By Hannah Apricot Eckberg

If you could take five minutes to help save the last of a species of dolphins from becoming extinct, would you? Or a better question is: will you?  Peggy Oki and the remaining 55 Maui Dolphins of New Zealand hope you will, right now, by joining a visual protest here .

Peggy and whales

For many years I have been inspired by the captivating art and true dedication of “Artivist” Peggy Oki. I recently had the pleasure of sitting down with her in her home town of Carpentaria, to talk about her latest efforts to use art for activism: the “Lets Face It” visual protest to help save the last of the very endangered Maui Dolphins.

Peggy became an artist as a young girl, drawing pictures of landscapes and seascapes, whales and dolphins. As an adult, she uses her artistic talents to help raise awareness of the plight of Cetaceans around the world. In 2004, she started the Origami Whale Project, inspired by the Japanese folklore of the one thousand origami cranes.  Since then, she has traveled the world with “curtains” of origami whales that people have helped her make out of recycled paper. In 2007, a curtain with over 30,000 origami whales was displayed at the International Whaling Commission to represent the 30 thousand whales that have been slaughtered under the IWC since a Whaling Moratorium was established in 1987.

During a trip to New Zealand about seven years ago, Peggy learned about the tragic plight of the Maui Dolphins. Named after a Polynesian God, and found only in a small area on the west coast of the North Island, today there remain less then 60 of these magnificent creatures. Fishing by gill-net and trawling captures the dolphins in the nets where they suffer until they drown to death. Their cousin, the Hector Dolphin, found further south off New Zealand, who’s numbers hover around seven thousand, also are threatened by these fishing practices. Banned in many countries, gill nets and trawling causes enormous destruction of ocean floor habitat and kills thousands of unintended species, known as “by-catch.”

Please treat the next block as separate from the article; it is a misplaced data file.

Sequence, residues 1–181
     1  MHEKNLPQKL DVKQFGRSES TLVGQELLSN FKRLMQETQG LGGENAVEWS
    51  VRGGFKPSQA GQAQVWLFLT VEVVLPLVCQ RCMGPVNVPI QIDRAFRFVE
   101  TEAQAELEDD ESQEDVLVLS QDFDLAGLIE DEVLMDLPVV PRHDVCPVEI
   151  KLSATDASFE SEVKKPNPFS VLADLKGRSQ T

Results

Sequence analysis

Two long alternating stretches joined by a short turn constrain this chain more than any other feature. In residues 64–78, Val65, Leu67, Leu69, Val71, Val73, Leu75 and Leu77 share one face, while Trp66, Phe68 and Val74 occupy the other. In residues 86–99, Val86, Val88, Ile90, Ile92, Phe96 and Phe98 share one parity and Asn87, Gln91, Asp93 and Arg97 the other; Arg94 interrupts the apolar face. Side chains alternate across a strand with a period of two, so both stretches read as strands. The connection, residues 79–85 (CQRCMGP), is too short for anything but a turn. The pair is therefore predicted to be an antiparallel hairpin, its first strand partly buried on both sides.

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A few years ago, Peggy created a “Curtain of 1,111 Origami Maui’s Dolphins” with 1,000 as the traditional number in Japanese lore, along with 111 as a separate smaller section to illustrate how few of the Maui’s Dolphins remain (as estimated in 2007). This environmental art piece was to be presented to the government by a schoolteacher and students. Though the Prime Minister didn’t agree to meet with them, this curtain was then displayed in prominent museums, including the TePapa (New Zealand’s national) Museum.

To help raise awareness about the Maui and Hector Dolphins, and to persuade the New Zealand government to join the ban of gill net fishing, Peggy started a visual protest at Inspired by a similar effort by the organization Surfers for Cetaceans, people can go to this web site, download photos of the dolphins, take their photo with it, and post it to the web site. In April of this year, with her “Let’s Face It” Visual Petition campaign, 1,000 photos were organized onto three large banners, and have been used in many protests since to continue to raise awareness. In the middle of November, Peggy sent 4,856 pictures of concerned citizens from around the world to the New Zealand’s Department of Conservation. She will continue to gather submissions and  support for the efforts to call for protection of these critically endangered species. 

In October of 2012, a letter from over 50 international organizations, representing over 20 million concerned citizens, was sent to the Prime Minister of New Zealand calling for the protection of the Maui Dolphins. New Zealand is the only nation member of over 600 members of the International Union for Conservation of Nature who voted against measures that would have protected the Maui and Hector Dolphins from extinction!